The Republic of India has a population approaching 1.2 billion, an active military force of 1.3 million and has nuclear weapons. One of the world's major powers, its overheated economy has an insatiable appetite for energy. Canadian petroleum companies are involved in offshore drilling in the Indian Ocean.
I have a daughter whose husband is on a temporary assignment there. Through her, I have become aware that India's economic miracle benefits only the elite few, while most of the population struggles with the demons of poverty, illiteracy, squalor and personal danger.
Important in both the histories of India and Canada are the British trading enterprises that were major stimulants in the growth of the British Empire. In Canada, already a British possession by right of conquest, the Hudson's Bay Company was given a vast commercial reserve in the West, where it was responsible for the administration of justice, and had stockaded trading posts and the formidable, but largely useless, Fort Prince of Wales. Its military power, however, was miniscule when compared to the private army and navy of the British East India Company.
The company's ships were well-built, well-armed, well-manned and well-provisioned. Its private army, well-trained and well-armed, was patterned after the British Army and was deployed in strategically located fortresses. Illogically, this dominant colonial presence, was not unwelcome in the separate, sovereign states of the Mogul Empire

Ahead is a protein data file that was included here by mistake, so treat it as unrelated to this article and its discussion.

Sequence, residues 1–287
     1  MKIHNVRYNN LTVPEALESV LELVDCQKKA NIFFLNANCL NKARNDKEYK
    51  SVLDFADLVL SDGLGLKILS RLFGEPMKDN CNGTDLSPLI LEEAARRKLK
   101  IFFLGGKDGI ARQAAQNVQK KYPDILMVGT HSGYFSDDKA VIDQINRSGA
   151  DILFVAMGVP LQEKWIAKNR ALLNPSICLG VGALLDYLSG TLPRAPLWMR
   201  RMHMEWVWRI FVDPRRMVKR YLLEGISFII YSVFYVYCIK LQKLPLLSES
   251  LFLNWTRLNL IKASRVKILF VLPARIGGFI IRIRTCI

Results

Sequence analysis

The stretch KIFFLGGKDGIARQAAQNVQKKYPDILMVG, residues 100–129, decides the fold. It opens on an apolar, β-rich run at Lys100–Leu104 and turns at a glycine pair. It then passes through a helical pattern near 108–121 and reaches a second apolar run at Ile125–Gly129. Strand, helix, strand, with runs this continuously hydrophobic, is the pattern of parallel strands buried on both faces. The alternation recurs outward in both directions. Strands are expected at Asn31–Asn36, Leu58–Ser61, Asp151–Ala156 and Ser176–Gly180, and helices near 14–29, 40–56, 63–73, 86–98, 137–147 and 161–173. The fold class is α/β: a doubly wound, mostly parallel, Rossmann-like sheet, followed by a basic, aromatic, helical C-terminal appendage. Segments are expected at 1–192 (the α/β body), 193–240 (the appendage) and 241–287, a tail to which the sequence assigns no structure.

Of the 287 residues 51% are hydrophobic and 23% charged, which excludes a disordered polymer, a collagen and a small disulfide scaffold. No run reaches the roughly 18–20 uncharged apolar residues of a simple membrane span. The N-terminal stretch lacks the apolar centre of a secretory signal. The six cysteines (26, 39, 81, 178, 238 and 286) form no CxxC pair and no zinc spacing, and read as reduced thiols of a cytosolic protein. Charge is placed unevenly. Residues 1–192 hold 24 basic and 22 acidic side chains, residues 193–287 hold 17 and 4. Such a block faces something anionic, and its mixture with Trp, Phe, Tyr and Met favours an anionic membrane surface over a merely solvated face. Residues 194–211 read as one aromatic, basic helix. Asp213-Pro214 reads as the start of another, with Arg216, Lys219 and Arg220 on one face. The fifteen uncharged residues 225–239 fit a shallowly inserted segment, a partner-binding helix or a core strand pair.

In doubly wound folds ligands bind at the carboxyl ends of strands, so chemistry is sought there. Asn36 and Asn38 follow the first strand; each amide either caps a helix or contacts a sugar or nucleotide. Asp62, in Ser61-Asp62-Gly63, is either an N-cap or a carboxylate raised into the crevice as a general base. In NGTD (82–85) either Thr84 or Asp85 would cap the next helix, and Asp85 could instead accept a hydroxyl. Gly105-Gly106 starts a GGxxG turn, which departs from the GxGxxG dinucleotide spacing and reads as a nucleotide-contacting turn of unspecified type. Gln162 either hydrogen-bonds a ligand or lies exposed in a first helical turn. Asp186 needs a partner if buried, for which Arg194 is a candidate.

Most Canadians have little knowledge of India or its history. It is easy to assume that the so-called Indian Mutiny of 1857 was the beginning of an effort to restore the power of the Mogul Empire and to reduce or remove the influence of the British East India Company. In other words, it was a resurgence of nationalism. I wasn't. It was all about religion.
When the Enfield rifled musket of 1855 was issued to the sepoys (soldiers) of the East India Company in 1857, its cartridges were greased with either pig or beef tallow. This was an offence against the religion of Muslim and Hindu alike. At the same time, under the aegis of the East India Company, over-zealous Christian clergymen embarked on an intensive campaign to gain converts. The sepoys rebelled in defence of their religions. The two-year carnage of the Indian Mutiny was a religious war. After British regular troops put down the rebellion, all of India became a British possession.
After 1867, Hudsons' Bay lands were surrendered to the new Dominion of Canada.
Here again, zealous Christian clergymen, abetted by government, began to seek for converts. The native peoples of Canada could not resist, as the people of India had done. The result was the virtual kidnapping of native children and the infamous residential schools designed to promote Christianity and destroy the aboriginal cultural heritage.
Although obvious, the lesson has not been well-learned Blind adherence to religious beliefs has caused suffering and is causing it still. Whatever our differences, we all wish for a better world. We can begin by holding our own religious communities to account for their harmful errors.